Cape Breton University Board of Governors approved an operating budget of just over $49 million for the 2017-2018 academic year at their April 28, meeting, an increase of approximately 1.8 per cent over the previous year. Expenses are projected to exceed revenue by $659,000. The 2017-2018 operating budget is CBU’s second consecutive deficit budget although the deficit as stated is less than the budgeted deficit for 2016/17 and down from the amount authorized by the Board in its endorsement of the CBU Financial Plan in September of 2016. The budget proposal flows from a five-year Revitalization Plan presented by Interim President, Dale Keefe that was also reviewed and approved at the meeting.
The budget includes a tuition increase of 5.9 per cent, a government funding increase of one per cent, more money for student financial aid and provisions for strategic investments in growth areas.
“These are very tough financial times in the higher education sector in Nova Scotia,” says Keefe. “We are very confident that the budget presented today by Vice-President, Gordon MacInnis will allow CBU to remain committed to quality programming, while enabling us to grow in a fiscally responsible way as outlined in the Revitalization Plan.”
The Revitalization Plan, is designed around key strategies including:
Growth in international and aboriginal student enrolment offset in part by increased recruitment and student services costs,
Modest reduction in part time teaching costs comprised of reduced investment in programs with declining enrolment and increased part time investment in growth areas,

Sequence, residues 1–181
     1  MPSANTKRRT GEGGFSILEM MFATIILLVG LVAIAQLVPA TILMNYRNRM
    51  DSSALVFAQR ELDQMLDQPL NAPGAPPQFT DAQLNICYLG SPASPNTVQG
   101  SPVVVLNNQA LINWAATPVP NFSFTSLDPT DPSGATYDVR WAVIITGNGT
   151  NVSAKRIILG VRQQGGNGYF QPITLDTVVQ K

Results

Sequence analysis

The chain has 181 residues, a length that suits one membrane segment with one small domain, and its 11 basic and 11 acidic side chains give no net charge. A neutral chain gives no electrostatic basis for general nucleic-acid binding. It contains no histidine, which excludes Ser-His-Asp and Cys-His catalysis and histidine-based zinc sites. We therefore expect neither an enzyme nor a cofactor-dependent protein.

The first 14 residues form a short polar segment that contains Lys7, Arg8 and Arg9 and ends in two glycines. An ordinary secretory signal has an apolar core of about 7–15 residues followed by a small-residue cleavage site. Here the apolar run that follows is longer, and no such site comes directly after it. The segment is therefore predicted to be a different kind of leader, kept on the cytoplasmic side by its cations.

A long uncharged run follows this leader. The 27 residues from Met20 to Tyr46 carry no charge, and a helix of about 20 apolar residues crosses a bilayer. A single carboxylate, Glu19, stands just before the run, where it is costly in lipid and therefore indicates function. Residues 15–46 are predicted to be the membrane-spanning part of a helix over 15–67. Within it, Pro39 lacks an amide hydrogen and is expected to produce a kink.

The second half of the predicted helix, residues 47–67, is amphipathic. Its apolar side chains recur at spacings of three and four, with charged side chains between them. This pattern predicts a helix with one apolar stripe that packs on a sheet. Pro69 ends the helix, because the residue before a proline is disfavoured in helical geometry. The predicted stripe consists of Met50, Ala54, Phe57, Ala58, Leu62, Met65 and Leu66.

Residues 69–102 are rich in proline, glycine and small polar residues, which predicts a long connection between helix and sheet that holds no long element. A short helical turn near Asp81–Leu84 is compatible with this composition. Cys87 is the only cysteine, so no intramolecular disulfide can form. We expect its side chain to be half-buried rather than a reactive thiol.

Fundraising revenues benefiting the operating fund, and
Business development activities.
While admittedly containing elements of financial risk – particularly concerning the enrolment and fundraising areas, the Revitalization Plan represents the University’s most realistic approach to arrest further mid-term decline in the institution’s fiscal health in light of current constraints to realize further operational cost savings. The CBU Revitalization Plan provides a framework and the necessary rigor to restore the institution’s financial health by 2022/23.
“There are always tough decisions that need to be made as we move forward and drive progress,” says Keefe. “We do feel strongly that the choices made are in the best interest of our students and will serve the University well as we grow and flourish.”
A Presidential Selection Committee was also approved at the meeting today. The Committee will have no more than nine months to file a report with recommendations on the next president of Cape Breton University.